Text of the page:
U.S. Mint Director David Ryder welcomed the audience, then promptly gave a future outlook for planned issues. Among the plans (some of which would require legislation in order to occur) are:

  • In 2020, the Mint is planning to offer a coin and medal set honoring the 400th Anniversary of the Mayflower landing, a product to be issued in conjunction with the British Royal Mint.
  • In 2021 there will be new designs for Gold and Silver Eagle coinage to incorporate more anti-counterfeiting features.
  • A second round of America The Beautiful Quarters is not planned, even though the original legislation for the series authorized a second set of issues.
  • Instead, from 2022-2025 the Mint would like to issue a 20-coin series of quarters featuring American animals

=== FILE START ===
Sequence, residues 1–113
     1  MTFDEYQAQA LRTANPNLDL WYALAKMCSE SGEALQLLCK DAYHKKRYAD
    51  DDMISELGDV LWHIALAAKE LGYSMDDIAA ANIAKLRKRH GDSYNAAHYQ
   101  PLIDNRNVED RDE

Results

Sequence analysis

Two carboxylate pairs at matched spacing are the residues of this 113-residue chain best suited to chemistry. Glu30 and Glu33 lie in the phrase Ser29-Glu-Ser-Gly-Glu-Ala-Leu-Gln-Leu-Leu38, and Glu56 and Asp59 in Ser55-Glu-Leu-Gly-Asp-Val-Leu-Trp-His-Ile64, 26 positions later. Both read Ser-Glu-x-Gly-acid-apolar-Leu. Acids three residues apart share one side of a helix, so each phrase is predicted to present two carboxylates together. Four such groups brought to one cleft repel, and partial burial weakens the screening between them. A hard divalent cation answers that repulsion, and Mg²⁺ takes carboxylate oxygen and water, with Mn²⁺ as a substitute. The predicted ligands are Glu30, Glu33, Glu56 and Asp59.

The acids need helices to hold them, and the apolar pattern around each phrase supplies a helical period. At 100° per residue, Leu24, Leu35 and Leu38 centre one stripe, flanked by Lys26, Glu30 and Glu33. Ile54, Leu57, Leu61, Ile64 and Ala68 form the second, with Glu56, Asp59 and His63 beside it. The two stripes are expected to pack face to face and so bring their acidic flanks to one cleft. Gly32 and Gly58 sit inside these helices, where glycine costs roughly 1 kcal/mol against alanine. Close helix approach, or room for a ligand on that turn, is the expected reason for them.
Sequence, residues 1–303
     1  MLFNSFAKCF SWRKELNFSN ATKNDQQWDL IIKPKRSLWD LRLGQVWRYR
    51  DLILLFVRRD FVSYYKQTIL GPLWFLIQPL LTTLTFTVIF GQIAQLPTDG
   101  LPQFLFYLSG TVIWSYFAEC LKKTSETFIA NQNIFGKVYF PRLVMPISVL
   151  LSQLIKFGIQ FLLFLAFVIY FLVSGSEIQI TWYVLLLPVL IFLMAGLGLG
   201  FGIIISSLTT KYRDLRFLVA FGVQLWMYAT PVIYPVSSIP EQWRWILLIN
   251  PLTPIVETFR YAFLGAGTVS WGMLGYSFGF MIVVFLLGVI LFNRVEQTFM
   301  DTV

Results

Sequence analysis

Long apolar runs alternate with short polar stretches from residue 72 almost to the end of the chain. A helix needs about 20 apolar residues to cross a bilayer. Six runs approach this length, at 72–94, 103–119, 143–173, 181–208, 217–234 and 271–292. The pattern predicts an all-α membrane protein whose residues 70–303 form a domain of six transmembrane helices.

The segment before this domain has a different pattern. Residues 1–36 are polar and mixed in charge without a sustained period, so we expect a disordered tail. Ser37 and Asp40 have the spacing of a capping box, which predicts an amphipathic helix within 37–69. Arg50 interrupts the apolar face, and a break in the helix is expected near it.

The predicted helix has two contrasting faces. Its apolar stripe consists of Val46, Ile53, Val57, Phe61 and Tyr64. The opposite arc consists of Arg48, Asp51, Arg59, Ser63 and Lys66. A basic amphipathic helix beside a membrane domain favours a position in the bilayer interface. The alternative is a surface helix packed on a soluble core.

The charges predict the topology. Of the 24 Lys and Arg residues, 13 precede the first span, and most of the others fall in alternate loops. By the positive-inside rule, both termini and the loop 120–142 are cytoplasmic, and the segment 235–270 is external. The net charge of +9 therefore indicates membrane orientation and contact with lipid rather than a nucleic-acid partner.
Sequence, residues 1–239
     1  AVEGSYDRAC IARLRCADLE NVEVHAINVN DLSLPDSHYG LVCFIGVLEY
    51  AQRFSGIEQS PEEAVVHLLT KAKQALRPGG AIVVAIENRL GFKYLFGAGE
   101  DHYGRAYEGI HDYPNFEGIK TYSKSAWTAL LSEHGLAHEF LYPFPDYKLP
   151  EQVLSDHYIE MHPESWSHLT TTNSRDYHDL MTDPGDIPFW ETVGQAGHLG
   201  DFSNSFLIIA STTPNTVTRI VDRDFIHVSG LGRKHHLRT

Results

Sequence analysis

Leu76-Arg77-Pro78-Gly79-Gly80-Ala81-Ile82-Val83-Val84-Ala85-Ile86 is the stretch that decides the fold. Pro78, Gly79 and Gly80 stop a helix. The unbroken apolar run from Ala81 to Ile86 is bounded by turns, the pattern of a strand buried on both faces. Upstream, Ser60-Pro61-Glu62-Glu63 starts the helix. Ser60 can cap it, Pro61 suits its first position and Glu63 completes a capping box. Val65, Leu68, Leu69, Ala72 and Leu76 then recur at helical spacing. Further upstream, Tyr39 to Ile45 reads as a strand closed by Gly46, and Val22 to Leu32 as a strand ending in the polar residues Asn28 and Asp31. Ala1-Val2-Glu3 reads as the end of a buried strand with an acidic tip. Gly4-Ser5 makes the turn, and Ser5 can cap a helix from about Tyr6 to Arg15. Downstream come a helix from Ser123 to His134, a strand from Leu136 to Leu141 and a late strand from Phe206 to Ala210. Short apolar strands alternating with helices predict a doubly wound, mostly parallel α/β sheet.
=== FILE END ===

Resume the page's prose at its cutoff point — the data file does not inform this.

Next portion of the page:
• Also from 2022-2025, the Mint would like to issue half dollars featuring endangered species.
  • In 2026, the intention would be to issue one-year circulating commemoratives of the cent through $1.00 coins to honor the 250th Anniversary of American Independence, an idea similar to the Bicentennial quarters, halves, and dollars that came out for 1976.
  • Beginning in 2027, the Mint hopes to issue a 20-quarter series over four years depicting sports popular with youth. The Mint would poll children and numismatists to identify which 20 sports would be depicted. These coins would have some ties with the 2028 Summer Olympics that will be held in Los Angeles, California. In addition, there would be half dollars issued for the Paralympics happening at the same time.
  • Discussions are taking place at the Bureau of Engraving and Printing to change the reverse of the $2.00 Federal Reserve Note for 2026.

After Ryder’s introduction, attendees walked over to the Philadelphia Mint a short distance away to meet new Superintendent Rob Kurzyna and Chief Engraver Joe Menna. After a presentation on the U.S. Mint’s history, we were given a tour right on the production floor, an opportunity not extended to the general public.